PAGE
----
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Metritis is the medical term used to describe an
acute or chronic inflammation of the uterus. This uterine
disease is similar to pyometra but it has some differences.
Unlike pyometra, metritis is most often a bacterial
uterine infection that develops in the immediate post
partum (after giving birth) period and occasionally
after abortion or breeding. It is most often
associated with retained fetuses or placentas.

A normal
body of the uterus (a) and both uterine horns (a and b).

Right photo:
The female
reproductive tract


Metritis usually results from infection acquired at the
time of parturition or estrus, or shortly thereafter.
retained fetal membranes, dead fetuses, blood and exudate
provide suitable substrates for bacteria which gain entry
through the open cervix. Sometimes, infection is introduced
by careless use of instruments, and it may also occur at
the time of breeding, being introduced either by the stud
or attempts to dilate a small vagina.


Acutely ill animals exhibit fever, polydipsia (drinking
excessive amounts of water), depression, vomiting,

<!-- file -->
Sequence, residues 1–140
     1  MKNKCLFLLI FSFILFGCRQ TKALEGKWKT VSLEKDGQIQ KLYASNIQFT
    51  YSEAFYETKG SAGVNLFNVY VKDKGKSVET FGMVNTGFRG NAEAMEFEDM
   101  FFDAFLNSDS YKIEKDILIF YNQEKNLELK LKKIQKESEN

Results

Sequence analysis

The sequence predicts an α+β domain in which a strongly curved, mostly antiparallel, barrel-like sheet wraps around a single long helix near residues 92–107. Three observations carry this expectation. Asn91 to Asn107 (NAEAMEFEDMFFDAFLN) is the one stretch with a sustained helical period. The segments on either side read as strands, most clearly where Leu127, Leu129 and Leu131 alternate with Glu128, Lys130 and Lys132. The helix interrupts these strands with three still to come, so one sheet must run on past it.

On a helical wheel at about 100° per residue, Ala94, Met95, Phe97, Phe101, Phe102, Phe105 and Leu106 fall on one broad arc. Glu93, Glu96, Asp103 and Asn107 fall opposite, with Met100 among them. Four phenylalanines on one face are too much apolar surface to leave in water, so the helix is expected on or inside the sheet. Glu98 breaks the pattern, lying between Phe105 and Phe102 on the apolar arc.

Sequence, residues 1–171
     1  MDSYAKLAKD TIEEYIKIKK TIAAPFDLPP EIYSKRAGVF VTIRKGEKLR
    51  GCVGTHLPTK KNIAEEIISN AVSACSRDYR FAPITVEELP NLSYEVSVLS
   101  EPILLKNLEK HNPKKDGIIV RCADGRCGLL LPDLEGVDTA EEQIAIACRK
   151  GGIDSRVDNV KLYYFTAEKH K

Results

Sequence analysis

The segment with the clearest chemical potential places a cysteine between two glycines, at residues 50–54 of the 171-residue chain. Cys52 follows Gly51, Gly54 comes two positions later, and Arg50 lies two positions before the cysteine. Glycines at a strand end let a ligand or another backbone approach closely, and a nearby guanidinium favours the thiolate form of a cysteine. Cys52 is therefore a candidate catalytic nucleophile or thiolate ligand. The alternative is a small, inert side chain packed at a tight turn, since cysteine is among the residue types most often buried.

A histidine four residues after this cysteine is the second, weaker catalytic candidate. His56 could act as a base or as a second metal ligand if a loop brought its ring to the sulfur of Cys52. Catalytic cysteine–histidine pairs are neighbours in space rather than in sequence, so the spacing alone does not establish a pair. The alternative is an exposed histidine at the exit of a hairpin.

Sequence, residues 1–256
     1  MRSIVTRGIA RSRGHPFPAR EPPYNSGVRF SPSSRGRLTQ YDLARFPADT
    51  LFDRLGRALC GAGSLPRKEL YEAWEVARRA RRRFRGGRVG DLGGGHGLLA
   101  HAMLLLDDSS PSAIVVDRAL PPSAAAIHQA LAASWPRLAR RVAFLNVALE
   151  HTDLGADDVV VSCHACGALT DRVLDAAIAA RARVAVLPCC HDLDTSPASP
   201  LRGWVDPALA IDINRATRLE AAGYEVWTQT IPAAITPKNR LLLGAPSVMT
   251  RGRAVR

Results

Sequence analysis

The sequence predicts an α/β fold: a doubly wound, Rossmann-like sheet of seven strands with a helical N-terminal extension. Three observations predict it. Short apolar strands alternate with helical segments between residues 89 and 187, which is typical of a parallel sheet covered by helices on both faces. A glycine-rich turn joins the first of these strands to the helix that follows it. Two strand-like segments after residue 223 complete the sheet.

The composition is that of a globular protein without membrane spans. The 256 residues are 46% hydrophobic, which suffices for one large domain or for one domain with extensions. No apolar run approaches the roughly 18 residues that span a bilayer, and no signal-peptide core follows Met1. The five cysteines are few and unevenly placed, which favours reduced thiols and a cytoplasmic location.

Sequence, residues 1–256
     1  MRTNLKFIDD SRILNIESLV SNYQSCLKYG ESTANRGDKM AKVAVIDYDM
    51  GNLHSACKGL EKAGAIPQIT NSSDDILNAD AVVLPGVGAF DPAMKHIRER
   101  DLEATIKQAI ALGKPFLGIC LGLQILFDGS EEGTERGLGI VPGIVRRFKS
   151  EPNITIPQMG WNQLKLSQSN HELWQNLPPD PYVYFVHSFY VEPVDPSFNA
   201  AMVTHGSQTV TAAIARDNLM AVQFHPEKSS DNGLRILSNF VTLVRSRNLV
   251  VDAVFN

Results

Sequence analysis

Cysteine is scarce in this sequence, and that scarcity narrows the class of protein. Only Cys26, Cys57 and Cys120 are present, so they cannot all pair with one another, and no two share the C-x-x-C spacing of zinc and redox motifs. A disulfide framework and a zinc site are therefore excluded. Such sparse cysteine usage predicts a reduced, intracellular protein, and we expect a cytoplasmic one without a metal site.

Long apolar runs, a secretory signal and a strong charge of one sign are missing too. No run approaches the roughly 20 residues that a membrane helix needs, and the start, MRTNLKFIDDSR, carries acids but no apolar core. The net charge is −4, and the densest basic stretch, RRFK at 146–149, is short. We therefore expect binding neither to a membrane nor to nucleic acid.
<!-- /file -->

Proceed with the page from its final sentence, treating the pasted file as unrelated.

dehydration and sometimes diarrhea. There is decreased
appetite and often a fast heart rate.

The signs of chronic metritis are not constant. A
persistent or intermittent uterine discharge may be
apparent. Failure to conceive or the delivery of dead or
weak pups, which die soon after birth, is suggestive.
Sometimes the condition is asymptomatic.

history of abortion, dystocia or even normal parturition
accompanies most cases of acute metritis. Occasionally a
thickened, indurated uterus can be palpated through the
abdominal wall. Radiography may reveal a uterus of abnormal
size or density.

Ultrasound may show fluid accumulation within the uterus,
retained fetuses and/or placentas, as well as fluid within
the abdominal cavity in the cases of uterine rupture.

Complete blood count shows an elevated white blood cell
count. A leukocytosis is usually found, especially in acute
metritis. A history of frequent or prolonged estrual
bleeding indicates endometrial changes that can be regarded
as chronic metritis.


Ovariohysterectomy is most often the
treatment of choice, once the patient is stabilized
(Intravenous fluid and electrolyte therapy).

Treatment of acute metritis includes supportive therapy,
such as parenteral fluids, and a prolonged course of
antibiotic therapy. Very small repeated doses of oxytocin
may increase uterine tone and help it to discharge the
contents. Prostaglandins are drugs that also stimulate
contraction of the uterus. This is, however,
contraindicated if the uterus is grossly distented..

The treatment of chronic metritis is the same except that
hormone therapy is contraindicated and prolonged treatment
with antibiotics is often necessary.


Metritis may become chronic and cause infertility in
breeding bitches.
Since metritis is a uterine disease,
spaying your dog is the only way to prevent disease.